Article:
The tortures Eurus puts Sherlock, Mycroft, and John through are designed to degrade and diminish their presumptions about their own genius. She has Sherlock and Mycroft solve a murder and then she kills the innocent suspects anyway. She destroys Sherlock's belief in the virtue of his controlled emotions by showing him how painful it is to say out loud to the sadly underdeveloped Molly Hooper (Louise Brealey) that he loves her. Why does Eustus have such an axe to grind? I assumed it would, like Shakespeare's sister, have something to do with gender but we don't get there until the climax.



Eustus wasn't allowed to play pirates with Sherlock and his best friend when they were little kids. So she traps "Redbeard", the other little boy, in a well and gives Sherlock a riddle to solve so he can find his friend. The story becomes an adaptation of "The Musgrave Ritual" but instead of the crown of Charles I it's a human life. As someone who's been studying the English Civil Wars for two years, it would've been nice to have seen the story about Charles I's lost crown but I guess they can't please everyone. Well, you won't catch me sending out death threats or calling Steven Moffat a regicide.



And I bet there are those who would call Steven Moffat a sexist for making Eurus into a killer. To such people, I would say remember that Eurus is mentally like Sherlock, except even more like Sherlock than Sherlock, and predisposed, like him, to sociopathy. In the events depicted, the Sherlock siblings looked to be five or six years old--we learn Mycroft is the eldest, seven years older than Sherlock, and that Eurus is one year older than Sherlock. The fact that she gave Sherlock the riddle to solve meant she likely didn't intend to kill Redbeard (he had a name but I can't remember it). She had faith that Sherlock Holmes would solve the riddle and find the kid, the same faith that Sherlock had in himself that she viciously tears apart in adulthood. Once she was responsible for the death of one person, she discovered how little death means to her because she's a sociopath and she had no qualms about killing other people. The point isn't that she's weaker than Sherlock, it's that she is who Sherlock might have been if he hadn't been so lucky. He was lucky enough to possess the favour given to little boys, which gave him confidence in himself, which was part of the problem because Eurus bought into that confidence too.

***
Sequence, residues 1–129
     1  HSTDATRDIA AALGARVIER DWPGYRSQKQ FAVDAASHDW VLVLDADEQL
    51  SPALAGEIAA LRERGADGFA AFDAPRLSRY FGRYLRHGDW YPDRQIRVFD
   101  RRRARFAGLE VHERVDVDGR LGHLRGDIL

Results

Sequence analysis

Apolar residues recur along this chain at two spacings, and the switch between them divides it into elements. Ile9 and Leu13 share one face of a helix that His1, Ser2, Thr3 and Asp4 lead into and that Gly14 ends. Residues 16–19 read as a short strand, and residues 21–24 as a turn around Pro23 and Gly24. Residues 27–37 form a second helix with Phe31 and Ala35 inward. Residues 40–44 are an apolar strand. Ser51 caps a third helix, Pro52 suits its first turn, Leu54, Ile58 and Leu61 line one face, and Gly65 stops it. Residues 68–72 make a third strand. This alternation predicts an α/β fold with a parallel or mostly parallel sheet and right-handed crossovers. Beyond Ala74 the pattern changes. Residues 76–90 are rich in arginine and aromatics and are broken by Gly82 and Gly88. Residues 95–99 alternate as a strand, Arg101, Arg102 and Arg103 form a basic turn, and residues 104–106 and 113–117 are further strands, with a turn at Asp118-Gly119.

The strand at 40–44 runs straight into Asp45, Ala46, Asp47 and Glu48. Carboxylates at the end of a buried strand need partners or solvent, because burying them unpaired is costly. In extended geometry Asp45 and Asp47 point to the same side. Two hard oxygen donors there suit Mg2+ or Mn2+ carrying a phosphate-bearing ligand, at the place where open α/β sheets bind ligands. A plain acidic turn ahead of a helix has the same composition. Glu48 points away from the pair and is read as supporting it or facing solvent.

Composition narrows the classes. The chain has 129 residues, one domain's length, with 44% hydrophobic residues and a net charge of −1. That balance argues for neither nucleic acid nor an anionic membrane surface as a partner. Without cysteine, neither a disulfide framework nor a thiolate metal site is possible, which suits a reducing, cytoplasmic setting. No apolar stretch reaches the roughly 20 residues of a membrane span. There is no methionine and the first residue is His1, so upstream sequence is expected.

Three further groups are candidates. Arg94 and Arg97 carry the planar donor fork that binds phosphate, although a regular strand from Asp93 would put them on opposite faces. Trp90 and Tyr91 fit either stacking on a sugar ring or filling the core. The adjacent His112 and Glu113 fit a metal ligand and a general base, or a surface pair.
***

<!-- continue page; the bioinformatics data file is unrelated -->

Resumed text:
Still, it might have been better to have more of the episode focus on this. But otherwise it was an entertaining if uncharacteristically campy episode. It was a nice episode from a completely different series. I kept expecting it to have all been a dream sequence.

Twitter Sonnet #953

In marhsmallow helmets an army melts.
The birds have pegged the polka dots aright.